Sunday, November 8, 2009
African Horse Sickness
African Horse Sickness (AHS) is an infectious non-contagious disease. This means that the virus can't be passed on from one horse to the other via contact (non-contagious). It is spread via midges, more specifically, Culicoides midge. If a horse is bitten by midge carrying the virus, it will get AHS. There are 9 different strains of the AHS virus. AHS will affect all breeds of horses, mules and donkeys, but the mortality rate is highest in horses (as high as (95%). Zebras appear to be resistant.
When are horses at the greatest risk of AHS?
As mentioned AHS is caused by Culicoides midge. Horses are at the greatest risk in warm, rainy seasons when midges are plentiful . Midges are also known to be most active at sunset and sunrise.
Different forms of AHS
There are 4 different forms of AHS: Pulmonary/ Lung ('dunkop') form, Cardiac ('dikkop') form, Mixed form and Fever form.
Pulmonary/ Lung form
This results in the lungs drowning with fluids. It has the highest death rate of 95%. It a preacute form of AHS, meaning it is the worst and quickest form of AHS. It has an incubation period of 3 to 4 days. There are no swelling of the head hence the name 'dunkop' (it means thin head). Symptomps are:
1. A very high temperature (T) up to 41 degrees
2. Laboured breathing (onset can be sudden)
3. Mouth open and head hanging down
4. Frothy discharge pouring from the nostrils.
5. Excessive sweating
6. Sudden onset of death
This form affects the heart and is characterized by swelling of the head and neck hence the name 'dukkop' (it means thick head). It is a subacute form of AHS ie not as severe or sudden as the Lung form. It has a mortality rate of 50 % If horse survives it will often be left with complications such as Billiary fever and paralysis of oesophagus. Symptoms are:
1. Fever followed by swelling of head and eyes
2. Entire head swells in sever cases.
3. Loss of ability to swallow
5. Bleeding in the membranes of mouth and eyes.
It is he most common form of AHS. Often confused with Pulmonary and Cardiac form of AHS, because horse may show symptoms from both forms.. It can usually only be recognized after an autopsy.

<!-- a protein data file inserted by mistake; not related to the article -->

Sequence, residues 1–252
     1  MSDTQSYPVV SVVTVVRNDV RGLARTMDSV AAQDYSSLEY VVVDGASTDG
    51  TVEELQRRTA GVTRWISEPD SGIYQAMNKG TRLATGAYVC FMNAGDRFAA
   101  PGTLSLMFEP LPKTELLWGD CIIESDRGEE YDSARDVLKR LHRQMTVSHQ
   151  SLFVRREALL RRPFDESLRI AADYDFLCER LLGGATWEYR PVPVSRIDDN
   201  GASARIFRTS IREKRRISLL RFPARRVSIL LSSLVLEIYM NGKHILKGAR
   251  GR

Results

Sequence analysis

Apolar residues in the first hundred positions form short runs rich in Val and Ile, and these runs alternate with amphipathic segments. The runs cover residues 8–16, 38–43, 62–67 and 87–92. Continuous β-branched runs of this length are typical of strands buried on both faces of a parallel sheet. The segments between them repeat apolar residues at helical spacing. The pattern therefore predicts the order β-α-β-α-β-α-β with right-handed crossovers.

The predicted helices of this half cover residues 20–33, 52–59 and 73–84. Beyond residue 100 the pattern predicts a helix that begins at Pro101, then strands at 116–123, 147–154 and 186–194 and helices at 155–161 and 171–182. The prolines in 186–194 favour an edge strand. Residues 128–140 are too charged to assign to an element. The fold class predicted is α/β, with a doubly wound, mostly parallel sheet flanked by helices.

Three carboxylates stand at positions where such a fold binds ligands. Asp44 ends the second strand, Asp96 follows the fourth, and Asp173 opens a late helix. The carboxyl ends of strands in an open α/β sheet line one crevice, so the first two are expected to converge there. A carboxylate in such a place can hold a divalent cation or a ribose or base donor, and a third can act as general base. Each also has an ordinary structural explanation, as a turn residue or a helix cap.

This is the mildest form of AHS. This usually occurs when the horse is immune to one or more strains of AHS, but comes infected by another strain. The horse's T will rise to 40 degrees for 8 to 12 days, but then returns to normal. The fever may be accompanied by loss of appetite and labored breathing.. All you need to do is feed the horse well, allow rest and provided good nursing. The horse will usually make a full recovery. Make sure to rest horse for 4 weeks before returning the horse to work.
Vaccination has helped to bring AHS under control. There are 2 vaccines that has to be given to the horse once a year. The vaccines should be given 3 weeks apart (3 week is the minimum). The first injection (AHS I) contains the strains 1,3,4, and 5 and the second injection (AHS II) contains strains 2,6,7 and 8. The horse must not be exerted for 3 weeks after each vaccination. Too much work will lead to the body T rising so much that it will cause the horse to catch AHS, because the current vaccine is a live vaccine. This means that if conditions are ideal the virus will start infecting the body. Unfortunately the current AHS vaccines aren't fool proof. Horses have been no to get AHS, despite regular vaccination. Thus, other precautions must be taken.
1. Stable horses a few hours before sunset and sunrise.
2. Mesh screens on stable doors and windows are helpful in keeping midges out.
3. Turn of lights at night.
4. Fans in the stables (midges don't have wings strong enough to fly in a breaze/wind).
Competition horses must be vaccinated by a certified vet and each vaccination must be recorded in the horse's passport by the same vet. No horses may enter the AHS Control Area (in the Western Cape) less than 60 days after the second vaccination.